By Emmanuel Yawe
Kano has always given a helping hand to the progress of Nigeria.
The city, which has loaned its name to be used by Nigeria’s most populous state was according to tradition, founded by Kano, a blacksmith of the Gaya tribe. In ancient times he is said to have come to Dalla Hill in search of iron. The discovery of stone tools there indicates prehistoric settlement of the site, which was selected as the capital of the Hausa state of Kano in (1095–1134).
After the jihad (1804–07), the city was chosen to be the capital of an emirate centered on the city. Later still when the British colonized what they called the Northern Protectorate, they enhanced the status of Kano as a centre of administration by making it the capital of the protectorate until this was shifted to Kaduna.
Kano was also a vortex of international trade and received kola nuts from Ghana; salt from the Sahara; slaves from the Bauchi and Adamawa emirates; natron from Lake Chad; and sword blades, weaponry, silk, spices, perfumes and books brought from Europe by the trans-Saharan camel caravans in return for Hausa leatherwork, cloth, and metal wares. British forces captured the city in 1903 opening the railway from Lagos in 1912 hence changing the direction of trade south to the Gulf of Guinea.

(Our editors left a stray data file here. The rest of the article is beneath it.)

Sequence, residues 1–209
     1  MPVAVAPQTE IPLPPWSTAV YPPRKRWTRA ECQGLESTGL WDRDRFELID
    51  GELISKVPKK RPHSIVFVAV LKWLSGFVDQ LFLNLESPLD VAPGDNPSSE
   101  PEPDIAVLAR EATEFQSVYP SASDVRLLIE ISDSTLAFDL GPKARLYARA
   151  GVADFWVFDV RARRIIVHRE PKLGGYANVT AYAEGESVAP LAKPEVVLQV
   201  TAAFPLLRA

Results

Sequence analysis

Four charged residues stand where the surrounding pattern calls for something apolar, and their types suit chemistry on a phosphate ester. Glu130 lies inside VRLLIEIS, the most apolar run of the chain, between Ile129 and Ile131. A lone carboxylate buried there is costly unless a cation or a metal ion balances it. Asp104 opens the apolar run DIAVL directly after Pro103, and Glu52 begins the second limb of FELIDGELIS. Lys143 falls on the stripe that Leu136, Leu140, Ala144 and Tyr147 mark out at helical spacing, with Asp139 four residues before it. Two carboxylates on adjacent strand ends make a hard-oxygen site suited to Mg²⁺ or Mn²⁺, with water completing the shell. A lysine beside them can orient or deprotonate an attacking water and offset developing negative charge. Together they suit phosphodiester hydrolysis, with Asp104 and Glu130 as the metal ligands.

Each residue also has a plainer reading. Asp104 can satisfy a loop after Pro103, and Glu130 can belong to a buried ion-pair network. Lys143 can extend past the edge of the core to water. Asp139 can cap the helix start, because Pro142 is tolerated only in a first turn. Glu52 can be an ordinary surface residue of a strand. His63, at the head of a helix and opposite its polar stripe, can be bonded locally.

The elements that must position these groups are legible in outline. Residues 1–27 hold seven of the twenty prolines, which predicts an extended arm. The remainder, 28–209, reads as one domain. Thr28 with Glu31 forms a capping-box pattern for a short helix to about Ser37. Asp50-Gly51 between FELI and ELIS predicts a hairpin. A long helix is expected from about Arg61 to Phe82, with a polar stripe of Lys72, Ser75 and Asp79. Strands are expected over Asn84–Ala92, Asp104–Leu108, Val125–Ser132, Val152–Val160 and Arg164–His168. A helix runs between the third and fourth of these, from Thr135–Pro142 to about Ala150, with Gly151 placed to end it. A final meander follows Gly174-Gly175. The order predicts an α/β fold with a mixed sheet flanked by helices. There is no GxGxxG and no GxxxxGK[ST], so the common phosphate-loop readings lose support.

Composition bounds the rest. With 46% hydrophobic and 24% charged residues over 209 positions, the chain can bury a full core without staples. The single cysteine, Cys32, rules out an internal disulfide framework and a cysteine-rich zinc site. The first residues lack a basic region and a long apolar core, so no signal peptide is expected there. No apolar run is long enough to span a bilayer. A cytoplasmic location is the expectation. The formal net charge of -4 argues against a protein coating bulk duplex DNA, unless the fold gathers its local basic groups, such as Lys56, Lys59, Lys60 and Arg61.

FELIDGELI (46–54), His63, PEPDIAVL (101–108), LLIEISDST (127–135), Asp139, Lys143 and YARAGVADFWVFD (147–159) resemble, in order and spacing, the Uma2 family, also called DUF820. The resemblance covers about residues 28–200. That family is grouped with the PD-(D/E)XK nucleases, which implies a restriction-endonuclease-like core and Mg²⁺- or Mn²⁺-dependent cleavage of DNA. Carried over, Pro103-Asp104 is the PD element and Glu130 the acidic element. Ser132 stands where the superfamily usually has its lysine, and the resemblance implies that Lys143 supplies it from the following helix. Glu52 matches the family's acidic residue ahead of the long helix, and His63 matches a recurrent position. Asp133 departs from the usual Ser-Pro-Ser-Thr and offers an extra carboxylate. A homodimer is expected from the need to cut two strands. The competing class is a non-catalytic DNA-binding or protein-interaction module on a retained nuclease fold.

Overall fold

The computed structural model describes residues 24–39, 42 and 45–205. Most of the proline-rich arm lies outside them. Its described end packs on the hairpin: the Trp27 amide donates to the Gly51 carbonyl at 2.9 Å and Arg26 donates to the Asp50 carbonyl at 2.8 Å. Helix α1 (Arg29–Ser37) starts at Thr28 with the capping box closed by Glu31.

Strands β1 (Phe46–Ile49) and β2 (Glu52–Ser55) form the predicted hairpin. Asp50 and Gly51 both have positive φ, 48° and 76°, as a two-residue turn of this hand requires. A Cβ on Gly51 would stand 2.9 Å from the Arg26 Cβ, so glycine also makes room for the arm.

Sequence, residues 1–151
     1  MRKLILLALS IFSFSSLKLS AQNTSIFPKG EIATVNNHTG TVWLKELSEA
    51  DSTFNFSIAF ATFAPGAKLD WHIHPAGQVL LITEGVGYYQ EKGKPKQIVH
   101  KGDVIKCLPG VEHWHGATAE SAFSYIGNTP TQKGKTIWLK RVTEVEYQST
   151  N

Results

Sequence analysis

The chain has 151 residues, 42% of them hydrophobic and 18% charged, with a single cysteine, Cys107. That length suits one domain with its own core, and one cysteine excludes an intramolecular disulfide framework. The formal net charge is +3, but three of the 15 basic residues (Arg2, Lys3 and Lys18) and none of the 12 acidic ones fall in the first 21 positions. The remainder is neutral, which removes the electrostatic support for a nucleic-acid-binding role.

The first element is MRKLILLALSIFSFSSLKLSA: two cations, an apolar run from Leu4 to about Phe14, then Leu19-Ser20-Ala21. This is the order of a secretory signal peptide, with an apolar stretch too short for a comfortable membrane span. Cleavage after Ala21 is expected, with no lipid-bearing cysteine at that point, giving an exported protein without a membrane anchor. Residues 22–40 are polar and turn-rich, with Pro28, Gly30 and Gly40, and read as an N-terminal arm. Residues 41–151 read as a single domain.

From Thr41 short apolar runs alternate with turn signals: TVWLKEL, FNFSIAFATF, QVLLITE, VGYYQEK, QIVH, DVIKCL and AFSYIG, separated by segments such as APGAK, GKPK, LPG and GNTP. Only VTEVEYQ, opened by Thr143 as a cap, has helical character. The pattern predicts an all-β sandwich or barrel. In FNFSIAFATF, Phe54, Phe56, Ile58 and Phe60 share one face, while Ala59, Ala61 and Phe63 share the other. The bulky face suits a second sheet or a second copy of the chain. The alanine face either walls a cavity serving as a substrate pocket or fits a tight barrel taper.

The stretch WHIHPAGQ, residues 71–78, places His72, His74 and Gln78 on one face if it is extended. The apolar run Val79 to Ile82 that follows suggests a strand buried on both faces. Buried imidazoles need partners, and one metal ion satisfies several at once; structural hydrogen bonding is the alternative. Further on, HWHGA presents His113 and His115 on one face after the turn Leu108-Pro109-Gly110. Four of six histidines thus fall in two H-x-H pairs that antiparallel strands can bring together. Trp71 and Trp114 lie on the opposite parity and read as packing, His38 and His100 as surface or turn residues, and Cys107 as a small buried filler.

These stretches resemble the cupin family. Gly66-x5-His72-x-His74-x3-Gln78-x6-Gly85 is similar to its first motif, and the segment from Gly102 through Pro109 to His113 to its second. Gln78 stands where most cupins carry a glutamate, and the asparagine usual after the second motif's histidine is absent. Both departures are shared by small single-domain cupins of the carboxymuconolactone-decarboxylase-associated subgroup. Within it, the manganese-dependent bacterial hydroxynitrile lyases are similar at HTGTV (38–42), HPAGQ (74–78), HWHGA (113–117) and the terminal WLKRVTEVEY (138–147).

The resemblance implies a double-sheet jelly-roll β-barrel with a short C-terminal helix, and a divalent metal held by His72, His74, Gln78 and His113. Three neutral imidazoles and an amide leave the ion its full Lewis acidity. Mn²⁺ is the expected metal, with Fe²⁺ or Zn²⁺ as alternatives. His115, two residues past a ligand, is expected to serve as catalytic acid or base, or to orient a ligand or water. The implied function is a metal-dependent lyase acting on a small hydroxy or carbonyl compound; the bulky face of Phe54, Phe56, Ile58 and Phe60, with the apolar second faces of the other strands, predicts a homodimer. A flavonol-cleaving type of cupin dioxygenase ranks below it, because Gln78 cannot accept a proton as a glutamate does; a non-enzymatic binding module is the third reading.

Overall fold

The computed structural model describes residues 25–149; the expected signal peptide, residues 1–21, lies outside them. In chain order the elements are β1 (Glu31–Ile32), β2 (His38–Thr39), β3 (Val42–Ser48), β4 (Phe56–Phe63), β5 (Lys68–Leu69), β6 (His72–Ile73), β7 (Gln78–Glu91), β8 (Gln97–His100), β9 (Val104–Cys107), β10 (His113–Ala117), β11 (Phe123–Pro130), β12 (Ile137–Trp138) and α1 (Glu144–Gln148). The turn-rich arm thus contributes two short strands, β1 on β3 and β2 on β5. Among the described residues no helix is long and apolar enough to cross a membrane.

Even though Kano was made famous as an international trading centre, it also developed a bubbling industrial base which retained its prosperity up to the 80s. The industrial districts of Sharada, Bompai, etc, were churning out textiles, knit fabrics, tents, bedding, foam rubber products, clothing, and cosmetics among others while heavy industries manufactured asbestos, cement, concrete blocks, metal structural products, bicycles, automobiles, trucks, and chemicals products that could compete with those from any part of the world. The government of Abubakar Rimi was signature tune for progress.